The launch of the UK Public Health Association saw those involved in ebullient mood, promising to deliver on an ambitious public health strategy to reverse the widening inequalities in health. Barbara Millar reports
On the cusp of the millennium, it is quite something to hear Association for Public Health chief executive Donald Reid enthusing over a return to Victorian times.
But in describing the birth of the UK Public Health Association - progeny of the APH and Public Health Alliance - Mr Reid said its make-up mirrored the Victorian era in the wide range of people actively involved in public health.
'We now have a really unified public health movement, uniting health professionals, local authority people and everyone who is interested in promoting the health of the public,' Mr Reid told the APH's seventh and final annual conference in Brighton last week.
APH co-chair Professor David Hunter and PHA chair Dr Geof Rayner were also in celebratory mood. 'I would like to honour our first and somewhat divided phase of existence - together let's keep the public health light burning,' said Professor Hunter. 'But let's celebrate our achievement of a unified voice for public health and anticipate the work we will be doing together to tackle inequalities.'
'We now have to grow our movement and create greater clarity,' added Dr Rayner.
Everything is up for grabs in the new organisation, set to benefit from a£230,000 Department of Health grant over the next three years. Elections for the 20-strong board will be held in July with the first meeting scheduled for September. Nine representatives will come from the English regions and one each from Scotland, Wales and Northern Ireland. Three board places will go to the chair, vice-chair and secretary of the organisation and the other eight places will be elected 'from anywhere', Mr Reid told HSJ.
The headquarters of UKPHA will be at the current PHA office in Birmingham, while the APH office, based at the Health Education Authority in London, will focus on media and government matters.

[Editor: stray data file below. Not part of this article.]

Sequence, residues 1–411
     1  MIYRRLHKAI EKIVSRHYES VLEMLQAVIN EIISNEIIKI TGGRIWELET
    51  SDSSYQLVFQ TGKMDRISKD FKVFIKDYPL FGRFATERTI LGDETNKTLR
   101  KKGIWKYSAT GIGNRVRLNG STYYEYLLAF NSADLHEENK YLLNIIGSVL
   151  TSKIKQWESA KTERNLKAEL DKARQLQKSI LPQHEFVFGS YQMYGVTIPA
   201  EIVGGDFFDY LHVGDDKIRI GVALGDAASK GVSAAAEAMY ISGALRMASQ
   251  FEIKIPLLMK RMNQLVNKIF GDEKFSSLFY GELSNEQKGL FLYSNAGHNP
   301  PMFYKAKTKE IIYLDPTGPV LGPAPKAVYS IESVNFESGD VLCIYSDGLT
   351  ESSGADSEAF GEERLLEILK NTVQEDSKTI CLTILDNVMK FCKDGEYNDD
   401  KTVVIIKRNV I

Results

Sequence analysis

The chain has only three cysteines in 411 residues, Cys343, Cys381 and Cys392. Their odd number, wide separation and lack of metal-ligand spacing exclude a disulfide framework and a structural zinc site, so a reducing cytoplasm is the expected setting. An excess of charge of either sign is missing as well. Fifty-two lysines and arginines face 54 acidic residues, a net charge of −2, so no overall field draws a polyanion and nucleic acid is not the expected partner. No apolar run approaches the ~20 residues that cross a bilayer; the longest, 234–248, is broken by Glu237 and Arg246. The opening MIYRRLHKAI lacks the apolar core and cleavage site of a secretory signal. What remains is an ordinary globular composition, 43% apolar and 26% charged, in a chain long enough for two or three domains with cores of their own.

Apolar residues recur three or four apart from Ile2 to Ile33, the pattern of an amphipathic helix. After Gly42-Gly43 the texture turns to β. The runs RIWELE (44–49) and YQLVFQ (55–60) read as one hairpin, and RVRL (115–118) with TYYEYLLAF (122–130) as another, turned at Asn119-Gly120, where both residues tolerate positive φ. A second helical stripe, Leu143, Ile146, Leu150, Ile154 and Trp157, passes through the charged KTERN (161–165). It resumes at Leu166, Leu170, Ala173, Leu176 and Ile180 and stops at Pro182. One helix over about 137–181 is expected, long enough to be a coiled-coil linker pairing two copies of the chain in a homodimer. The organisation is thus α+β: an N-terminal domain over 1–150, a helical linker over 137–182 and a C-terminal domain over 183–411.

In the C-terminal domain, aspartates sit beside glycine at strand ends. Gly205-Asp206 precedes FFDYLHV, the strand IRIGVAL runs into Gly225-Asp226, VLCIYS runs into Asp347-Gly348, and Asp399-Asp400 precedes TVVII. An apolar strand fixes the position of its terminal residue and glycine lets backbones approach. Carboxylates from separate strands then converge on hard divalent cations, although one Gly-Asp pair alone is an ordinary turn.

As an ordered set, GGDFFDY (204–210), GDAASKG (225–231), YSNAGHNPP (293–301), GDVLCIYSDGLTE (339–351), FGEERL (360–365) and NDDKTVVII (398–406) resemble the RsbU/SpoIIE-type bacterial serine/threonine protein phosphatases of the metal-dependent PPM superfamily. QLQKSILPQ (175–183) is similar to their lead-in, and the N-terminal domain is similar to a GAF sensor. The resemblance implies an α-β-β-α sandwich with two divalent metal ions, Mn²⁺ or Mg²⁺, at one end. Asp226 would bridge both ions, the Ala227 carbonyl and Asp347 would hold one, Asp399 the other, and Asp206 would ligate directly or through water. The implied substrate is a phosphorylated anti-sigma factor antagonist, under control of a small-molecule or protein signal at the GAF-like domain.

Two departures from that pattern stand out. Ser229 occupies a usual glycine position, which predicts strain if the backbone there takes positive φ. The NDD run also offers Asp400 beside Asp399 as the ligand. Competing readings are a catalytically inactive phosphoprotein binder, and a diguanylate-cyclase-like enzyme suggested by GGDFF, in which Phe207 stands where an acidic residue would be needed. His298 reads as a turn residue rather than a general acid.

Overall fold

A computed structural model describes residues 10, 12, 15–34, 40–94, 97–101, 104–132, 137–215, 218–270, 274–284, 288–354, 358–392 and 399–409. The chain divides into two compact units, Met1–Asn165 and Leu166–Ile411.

Neither Mr Reid nor Maggie Winters, project manager for the PHA, intend to go for the job of chief executive of the new organisation. Mr Reid will become a part-time consultant to it, while Ms Winters will work with the new chief executive, he said.
The launch ended the two-day conference, which kicked off with health secretary Frank Dobson in an admittedly 'brazen' mood. The government, led by the prime minister, was delivering on an ambitious public health strategy, Mr Dobson told the 700 delegates.
The object of public health was to stop people getting ill in the first place and the DoH had taken practical steps to promote this, he said. They included appointing the first public health minister, commissioning the Acheson report on inequalities, and giving managerial responsibility for public health to chief medical officer Professor Liam Donaldson.
Other moves included changes to the Public Health Laboratory Service and HEA. And the government would be making the necessary changes to bring in the ban on tobacco advertising and sponsorship. Those in the field had to show that things could be improved by practical measures. 'If you have a traffic-calming measure in your area, log the number of accidents before and after it was introduced and then bang the drum - it encourages people. If you have a run-down housing estate, measure the number of people going to the doctor before refurbishment and after.'
He added: 'We need simple, straightforward descriptions of what you are achieving. If you can come up with rough and ready ways of indicating things are improving, do it. Things drawn up by pointy-headed academics do not deliver what is needed - or they would have done so years ago.'
Bob Kerslake, chief executive of Sheffield city council, said many initiatives - Sure Start, New Deal, health action zones and education action zones - were tackling the same problems from different directions. 'We have to ensure they hang together and provide a sustainable approach to real change in the long term.'
The starting point in Sheffield had been the health improvement plan, with local government contributing its strengths of close contact with the most vulnerable people in the community, its experience of partnership working and managing complex systems and its vision and leadership.
Professor Donaldson praised the good work in creating partnerships in communities, but said 7,000 deaths a year from all causes could be prevented.
'The proportion of 45-year-old men who will not reach their 70th birthday is around 19 per cent in Oxfordshire compared with 35 per cent in Manchester,' he said. 'There are striking inequalities.'
Which is why, Dr Rayner summed up, 'we don't want to discuss inequalities as a load of pointy-heads but as a load of practical doers.'